Updated: May 31, 2019
One of the things that I believe developed my own playing the most was listening analytically to performers I admired and learning by imitation. Encouraging students to listen to saxophone and clarinet players is a method I use in my teaching too.
I admire the interactions of the Brecker brothers; their conversational, competitive playfulness. I adore Gerald Albright with his bright, raw open tone. I have studied the funky, edgy solos of the Phil Collins Big Band and Brian Setzer Orchestra, and the range of techniques utilised by Bob Mintzer, James Carter and, more recently Leo P.
I am learning the nuances that reveal the personality behind the sound: Cannonball used middle D with the left-hand side palm key; Coltrane played D with everything down and the open palm key. These influences have helped me shape my own style: I aspire to a combination of a melodic, bright sound with a funky, modern feel.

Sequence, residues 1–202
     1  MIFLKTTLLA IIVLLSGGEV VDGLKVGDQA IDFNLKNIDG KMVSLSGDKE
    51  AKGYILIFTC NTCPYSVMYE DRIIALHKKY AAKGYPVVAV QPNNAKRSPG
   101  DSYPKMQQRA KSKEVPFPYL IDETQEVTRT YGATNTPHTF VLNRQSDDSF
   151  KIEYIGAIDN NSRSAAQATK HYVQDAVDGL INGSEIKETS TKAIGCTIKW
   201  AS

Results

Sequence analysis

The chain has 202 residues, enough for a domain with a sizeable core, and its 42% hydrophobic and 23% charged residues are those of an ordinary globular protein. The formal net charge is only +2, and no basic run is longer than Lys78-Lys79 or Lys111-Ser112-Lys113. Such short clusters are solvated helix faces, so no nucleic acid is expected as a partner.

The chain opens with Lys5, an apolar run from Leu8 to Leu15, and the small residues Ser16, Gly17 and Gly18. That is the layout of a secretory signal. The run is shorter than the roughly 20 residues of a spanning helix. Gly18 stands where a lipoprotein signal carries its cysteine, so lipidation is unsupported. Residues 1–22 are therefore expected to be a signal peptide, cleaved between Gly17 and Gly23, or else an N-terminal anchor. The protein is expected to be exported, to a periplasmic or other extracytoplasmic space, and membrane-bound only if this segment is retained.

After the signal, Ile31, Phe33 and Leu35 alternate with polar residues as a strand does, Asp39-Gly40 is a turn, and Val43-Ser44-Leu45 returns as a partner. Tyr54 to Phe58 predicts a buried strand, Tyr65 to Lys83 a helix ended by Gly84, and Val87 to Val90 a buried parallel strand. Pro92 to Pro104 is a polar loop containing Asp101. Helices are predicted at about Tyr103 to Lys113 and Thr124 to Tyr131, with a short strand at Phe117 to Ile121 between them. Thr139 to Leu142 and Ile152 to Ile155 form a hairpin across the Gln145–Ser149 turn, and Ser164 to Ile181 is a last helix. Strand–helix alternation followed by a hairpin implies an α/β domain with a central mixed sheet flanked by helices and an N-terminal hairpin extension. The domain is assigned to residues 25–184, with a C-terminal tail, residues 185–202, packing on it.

I encourage my students to think about the sound they want to produce and then listen widely and regularly to the masters of their instrument perform. My advice is to try imitating their sound and experiment! Even better - see live performances. Most sharply I recall the late Michael Brecker in concert. His electrifying 'Delta City Blues' demonstrated technical mastery and melodic beauty. It epitomises jazz technique: altissimo; overtones; false-fingerings; interval leaps; multi-phonics; precise intonation.
Visits to New Orleans and New York opened my eyes - I saw the legend Sonny Rollins, mesmerised by his solo construction and control of the lower register. I found other experts of articulation held new depths for me: Chris Potter and Stan Getz. I sought out new influences in clubs - a highlight was to be mere inches from the Mingus Big Band at the Jazz Standard.
These musical experiences have helped shape and develop the player I am today.